Tag Archives: mental health

How are you, really?

This week (18th May) is Mental Health Awareness Week 2020.

Let’s be honest, 2020 is not going how any of us thought it would! Some of our lives have changed beyond recognition, we had little warning and few of us had much influence over the changes!

How do you really feel about it all?

I have an extensive mental health history of severe depression and anorexia; recently I had anxiety and stress added to this list (stress isn’t a diagnosis but inability to manage it has a profound impact on ones health). I take medication and have had therapy to get me to a good, healthy place but I’ll always have a vulnerability to becoming ill if a number of factors aren’t controlled.

I’ve written various blogs in the past about how to maintain mental well-being. I’ve discussed the importance of being honest and how talking about feelings makes them less scary and more manageable.

As a society, we use the phrase “how’re you?” or “are you alright?” as a salutation and don’t really want the other person to go into detail, however, it’s at times like this (when the world is uncertain), when asking how each other are is of vital importance.

When I say “how’re you?” I always mean it and will always set aside time for the other person if they need to open up.

Unfortunately I have not always had the same afforded to me… I continue to struggle to open up, but knowing how important it is, I try to, then when the other person doesn’t respond or invalidates my feelings, I’m crushed. But when someone does really listen, it means the world to me.

Right now, you might be loving lockdown because you’re being permitted to stay inside and do what you want when you want. On the other hand you might be feeling angry, depressed, anxious or guilty because there’s so much out of your control and you’re being stopped from doing the things you want and need to do.

All feelings are valid and need to be expressed.

A silver lining to come out of this pandemic is the mental health is now on the agenda every day. The year, mental health awareness week is about kindness. Asking how someone is, meaning it and really listening to the answer is the simplest kindness you can offer and what’s great about it is you can do it on the phone, by text, by video chat or in person, socially distanced!

You don’t need a mental health diagnosis to look after your mental health. By being more open about how we’re feeling, it’s a good step towards being able to talk about more issues around mental illness.

Reality of depression

I write blogs to share my experiences. When a psychiatrist diagnoses depression, they’re looking for a specific set of symptoms described in the DSM V or the ICD 11 all or most of the time over an extended period:

  1. Depressed mood
  2. Diminished interest or pleasure in activities
  3. Decrease or increase in appetite
  4. Subjective slowing down of thought and movement
  5. Fatigue or loss of energy
  6. Feelings of worthlessness
  7. Diminished ability to think or concentrate and indecisiveness
  8. Thoughts of death, suicidal ideation without a specific plan, attempted suicide or planned for suicide.

I understand the need to be able to diagnose in this way but this is not how people experience depression. I’m writing this blog to give some insight to what it’s really like to be inside the mind of someone struggling with symptoms of depression.

In reality, people experience the following, jumbled and apparently nonsensical feelings:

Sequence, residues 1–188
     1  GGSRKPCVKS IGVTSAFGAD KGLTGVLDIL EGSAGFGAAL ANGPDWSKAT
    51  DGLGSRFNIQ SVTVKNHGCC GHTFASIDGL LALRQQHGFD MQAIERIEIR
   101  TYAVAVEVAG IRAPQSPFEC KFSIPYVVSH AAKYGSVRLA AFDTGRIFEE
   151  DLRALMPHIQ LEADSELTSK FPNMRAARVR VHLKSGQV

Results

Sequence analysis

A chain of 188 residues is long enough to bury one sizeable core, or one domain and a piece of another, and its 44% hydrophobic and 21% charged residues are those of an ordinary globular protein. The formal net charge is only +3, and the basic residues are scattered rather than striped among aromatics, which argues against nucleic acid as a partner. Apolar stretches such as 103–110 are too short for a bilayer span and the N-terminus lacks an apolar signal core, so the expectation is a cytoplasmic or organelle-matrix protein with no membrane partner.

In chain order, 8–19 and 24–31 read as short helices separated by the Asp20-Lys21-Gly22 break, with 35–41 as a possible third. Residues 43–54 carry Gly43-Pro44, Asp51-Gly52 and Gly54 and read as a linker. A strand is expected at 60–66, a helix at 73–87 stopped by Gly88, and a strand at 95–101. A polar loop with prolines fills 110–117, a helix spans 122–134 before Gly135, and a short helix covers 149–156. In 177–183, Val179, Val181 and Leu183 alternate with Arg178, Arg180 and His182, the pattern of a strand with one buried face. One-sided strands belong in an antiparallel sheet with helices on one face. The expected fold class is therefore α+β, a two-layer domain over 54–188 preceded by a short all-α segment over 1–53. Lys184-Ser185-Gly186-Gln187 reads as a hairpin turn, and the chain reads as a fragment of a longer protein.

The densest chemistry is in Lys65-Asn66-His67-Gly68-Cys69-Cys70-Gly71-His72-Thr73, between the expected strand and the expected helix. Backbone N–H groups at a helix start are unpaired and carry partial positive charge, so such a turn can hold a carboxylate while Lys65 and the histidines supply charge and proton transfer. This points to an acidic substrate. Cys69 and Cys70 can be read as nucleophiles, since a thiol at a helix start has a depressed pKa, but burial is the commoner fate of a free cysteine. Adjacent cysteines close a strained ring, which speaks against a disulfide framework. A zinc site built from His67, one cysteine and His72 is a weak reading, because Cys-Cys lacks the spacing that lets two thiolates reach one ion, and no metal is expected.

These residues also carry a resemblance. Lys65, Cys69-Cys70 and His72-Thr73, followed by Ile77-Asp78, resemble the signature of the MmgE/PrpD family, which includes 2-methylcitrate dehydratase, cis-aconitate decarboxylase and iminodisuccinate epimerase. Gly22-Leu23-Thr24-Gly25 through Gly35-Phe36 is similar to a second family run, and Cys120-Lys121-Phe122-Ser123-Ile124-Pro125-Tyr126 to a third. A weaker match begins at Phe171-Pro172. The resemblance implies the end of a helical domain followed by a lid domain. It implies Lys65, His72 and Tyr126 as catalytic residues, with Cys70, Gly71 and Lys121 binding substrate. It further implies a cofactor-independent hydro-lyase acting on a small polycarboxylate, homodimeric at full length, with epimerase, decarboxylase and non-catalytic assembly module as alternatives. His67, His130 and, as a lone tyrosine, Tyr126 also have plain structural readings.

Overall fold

• I don’t want to make a fuss but I’m worried about how I feel
  • I feel sad, frustrated, angry, scared and numb at the same time
  • Sometimes I feel happy and then I feel confused and guilty
  • I feel lethargic and then I beat myself up for being lazy
  • I cry about everything and nothing but then sometimes I can’t cry when someone tells me something sad
  • Lying awake at nightI feel completely exhausted, during the day all I want to do is sleep then at night, I can’t sleep, I just lie awake
  • I’m not interested in going out, I won’t enjoy it and I have nothing interesting to say so what’s the point?
  • I don’t have any friends and I can understand why, I wouldn’t want to be my friend
  • I just want this pain to stop, it’s a pain like no other
  • I feel like I’m falling down a black hole, like my life is meaningless, is there any point?
  • I’m scared I’m going to lose my job, I just get a feeling I’m doing it all wrong
  • I can’t seem to do anything right
  • My life is fine, I should be happy but I feel like everything is falling apart
  • Life feels like a slog, I don’t think there’s any point in going on
  • I notice other people laughing and realise I’m not but the next day I can laugh and I don’t know what’s different
  • I wish I could go to sleep and not wake up

It’s the job of the GP or psychiatrist to take these experiences and attempt to make sense of them to see if a diagnosis of depression fits. A diagnosis is important so that appropriate support and treatment can be given. Symptoms of anxiety, psychosis, personality disorder, obsessive compulsive disorder, eating disorders or other psychiatric conditions overlap so it’s important to understand what the symptoms are in order to offer the right support.

I always like to offer some hope in my blogs. I’m living proof that from the darkest times, if you surround yourself with the right people, do whatever it takes (therapy, counselling, medication) it may not be easy or simple but recovery is possible.

Are you your own worst enemy?

Looking back over your life, what do you see? Do you find yourself in similar positions over and over? Do you find yourself thinking “oh, here we go again!”? Do you wonder why people seem to treat you badly? Do you repeat the same behaviours time and again?

I like to work hard, I’m not one to ask for praise or seek promotion, I’m a grafter, I take on jobs other people don’t like, I just put my head down and get on with it – I think these are fairly acceptable characteristics. Unfortunately, on multiple occasions in the past, I’ve found myself in a difficult position where I’m not respected, my need are disregarded and I’m not able to stand up for myself and say that I feel my good nature is being taken advantage of. I struggle to be assertive, this is my responsibility and something I need to continue working on.